Active Directory Fine-Grained Password Policies

This post isn’t going to set the world on fire because of it’s revelations and new features; instead, I am going to talk about a feature that has been around since Windows Server 2008 called Fine Grained Password Policies.

Active Directory Password Policies are, even in 2018, still misunderstood. For all the consulting engagements I do, I still encounter customer environments where admins have tried to configure multiple Group Policy Objects to control password policy at various levels within their OU structure. An example of this behaviour would be to set the Default Domain Policy object to a standard password complexity and then have an OU containing administrative accounts for Domain Admins which has a GPO applying a more complex policy.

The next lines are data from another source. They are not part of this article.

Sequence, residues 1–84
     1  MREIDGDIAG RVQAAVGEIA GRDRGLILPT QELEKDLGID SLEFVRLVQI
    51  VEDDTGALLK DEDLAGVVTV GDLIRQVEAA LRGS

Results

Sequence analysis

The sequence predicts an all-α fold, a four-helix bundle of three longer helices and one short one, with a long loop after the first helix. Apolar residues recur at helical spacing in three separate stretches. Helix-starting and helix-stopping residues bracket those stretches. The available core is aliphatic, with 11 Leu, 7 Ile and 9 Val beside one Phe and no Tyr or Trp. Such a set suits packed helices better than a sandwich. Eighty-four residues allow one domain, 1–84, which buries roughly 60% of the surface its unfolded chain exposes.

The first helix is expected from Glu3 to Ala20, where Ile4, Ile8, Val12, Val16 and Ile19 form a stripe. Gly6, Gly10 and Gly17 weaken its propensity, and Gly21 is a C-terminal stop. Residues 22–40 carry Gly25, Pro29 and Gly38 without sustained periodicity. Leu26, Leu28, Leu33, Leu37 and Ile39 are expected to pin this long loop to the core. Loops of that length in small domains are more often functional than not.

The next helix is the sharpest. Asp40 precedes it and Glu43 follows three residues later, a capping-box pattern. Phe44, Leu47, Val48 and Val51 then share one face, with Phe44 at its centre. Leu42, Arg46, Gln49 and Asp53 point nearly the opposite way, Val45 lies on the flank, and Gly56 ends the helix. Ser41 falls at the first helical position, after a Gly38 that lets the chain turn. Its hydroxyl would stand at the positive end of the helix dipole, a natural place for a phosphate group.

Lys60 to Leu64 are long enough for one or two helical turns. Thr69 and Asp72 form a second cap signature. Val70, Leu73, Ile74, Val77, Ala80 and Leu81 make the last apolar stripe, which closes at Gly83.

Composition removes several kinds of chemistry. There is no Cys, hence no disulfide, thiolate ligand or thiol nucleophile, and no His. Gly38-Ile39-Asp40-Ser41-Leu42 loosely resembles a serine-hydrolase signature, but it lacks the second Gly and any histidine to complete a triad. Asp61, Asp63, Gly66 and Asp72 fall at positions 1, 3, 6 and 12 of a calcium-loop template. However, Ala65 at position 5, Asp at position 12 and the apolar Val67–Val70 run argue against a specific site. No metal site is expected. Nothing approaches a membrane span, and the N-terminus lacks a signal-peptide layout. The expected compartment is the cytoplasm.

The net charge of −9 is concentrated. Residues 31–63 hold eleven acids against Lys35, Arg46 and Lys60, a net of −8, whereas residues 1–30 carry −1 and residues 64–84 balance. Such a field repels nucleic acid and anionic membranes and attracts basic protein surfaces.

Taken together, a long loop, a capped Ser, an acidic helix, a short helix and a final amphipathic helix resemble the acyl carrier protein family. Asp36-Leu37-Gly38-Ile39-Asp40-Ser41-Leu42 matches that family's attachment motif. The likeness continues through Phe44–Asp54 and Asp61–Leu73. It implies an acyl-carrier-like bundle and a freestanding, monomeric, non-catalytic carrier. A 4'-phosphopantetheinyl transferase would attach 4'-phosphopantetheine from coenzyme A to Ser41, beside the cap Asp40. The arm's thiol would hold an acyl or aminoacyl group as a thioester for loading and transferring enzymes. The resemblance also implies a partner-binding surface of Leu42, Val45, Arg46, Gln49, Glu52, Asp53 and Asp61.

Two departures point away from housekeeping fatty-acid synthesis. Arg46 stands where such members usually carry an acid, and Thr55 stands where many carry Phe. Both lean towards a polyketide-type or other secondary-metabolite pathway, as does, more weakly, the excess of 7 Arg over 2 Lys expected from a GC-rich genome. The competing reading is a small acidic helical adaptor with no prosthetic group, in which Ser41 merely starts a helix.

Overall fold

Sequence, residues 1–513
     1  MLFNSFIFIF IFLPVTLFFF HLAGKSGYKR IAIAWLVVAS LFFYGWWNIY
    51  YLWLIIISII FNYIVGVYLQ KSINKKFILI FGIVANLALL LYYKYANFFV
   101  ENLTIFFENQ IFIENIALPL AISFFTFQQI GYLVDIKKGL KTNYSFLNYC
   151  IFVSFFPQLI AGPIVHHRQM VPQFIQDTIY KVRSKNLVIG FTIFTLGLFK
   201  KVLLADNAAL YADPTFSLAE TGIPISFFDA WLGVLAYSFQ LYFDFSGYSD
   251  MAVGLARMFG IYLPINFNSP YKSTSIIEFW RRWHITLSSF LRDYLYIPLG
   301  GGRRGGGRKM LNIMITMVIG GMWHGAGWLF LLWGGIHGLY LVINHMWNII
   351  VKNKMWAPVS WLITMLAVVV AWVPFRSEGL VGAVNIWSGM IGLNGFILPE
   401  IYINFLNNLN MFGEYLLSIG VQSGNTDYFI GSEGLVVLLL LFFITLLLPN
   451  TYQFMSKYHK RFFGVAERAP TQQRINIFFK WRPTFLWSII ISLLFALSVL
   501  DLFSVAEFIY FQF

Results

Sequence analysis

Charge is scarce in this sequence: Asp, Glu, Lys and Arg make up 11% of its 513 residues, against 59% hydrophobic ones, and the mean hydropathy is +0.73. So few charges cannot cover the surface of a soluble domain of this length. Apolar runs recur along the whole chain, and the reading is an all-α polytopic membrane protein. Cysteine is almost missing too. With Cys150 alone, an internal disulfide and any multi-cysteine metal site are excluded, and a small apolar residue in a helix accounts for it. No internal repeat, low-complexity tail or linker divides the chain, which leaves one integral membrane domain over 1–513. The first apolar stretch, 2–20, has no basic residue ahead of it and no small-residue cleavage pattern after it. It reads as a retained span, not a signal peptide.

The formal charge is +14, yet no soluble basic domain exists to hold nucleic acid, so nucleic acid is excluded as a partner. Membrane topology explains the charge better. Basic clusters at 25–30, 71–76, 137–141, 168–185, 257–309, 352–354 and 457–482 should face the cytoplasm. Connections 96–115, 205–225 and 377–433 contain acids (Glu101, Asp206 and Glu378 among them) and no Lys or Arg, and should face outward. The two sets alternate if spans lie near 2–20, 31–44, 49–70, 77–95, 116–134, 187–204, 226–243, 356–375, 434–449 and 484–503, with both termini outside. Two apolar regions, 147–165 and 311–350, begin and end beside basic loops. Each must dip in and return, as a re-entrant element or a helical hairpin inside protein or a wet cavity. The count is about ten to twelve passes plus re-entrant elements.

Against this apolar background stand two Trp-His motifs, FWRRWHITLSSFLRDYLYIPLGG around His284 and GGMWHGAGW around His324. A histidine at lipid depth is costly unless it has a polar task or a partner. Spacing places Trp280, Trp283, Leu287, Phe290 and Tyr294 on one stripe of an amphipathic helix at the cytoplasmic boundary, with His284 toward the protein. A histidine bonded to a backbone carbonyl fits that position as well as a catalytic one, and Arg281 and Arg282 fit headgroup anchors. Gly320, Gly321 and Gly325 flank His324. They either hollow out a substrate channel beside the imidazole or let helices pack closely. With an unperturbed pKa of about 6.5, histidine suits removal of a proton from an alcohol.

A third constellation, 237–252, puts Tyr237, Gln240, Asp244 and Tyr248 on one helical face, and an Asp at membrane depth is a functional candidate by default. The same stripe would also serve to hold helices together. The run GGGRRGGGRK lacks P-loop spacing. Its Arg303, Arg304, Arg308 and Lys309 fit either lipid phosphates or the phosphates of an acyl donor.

Setting the Record Straight

Before we go any further then, let’s set the record straight. In a standard configuration AD domain there can be only one password policy. It matters not where or how many times you try to link and create GPOs to set different policies, it will not work. In a default AD domain, the password policy is configured in the Default Domain Policy which is applied at the root, the top-level of the domain. The password policy is enacted and controlled by the Domain Controllers not by the computer or user object of a client.

In the modern era of PowerShell, we can see that the default password policy for the domain is by using the Get-ADDefaultDomainPasswordPolicy PowerShell command which outputs similar to the screenshot below. In this example, the lockout duration and observation windows are 15 minutes each, accounts are locked out after five failed attempts and passwords must be at least seven characters long, meet complexity requirements, be no older than 90 days but more than 1 day old, and the previous 12 passwords are remembered.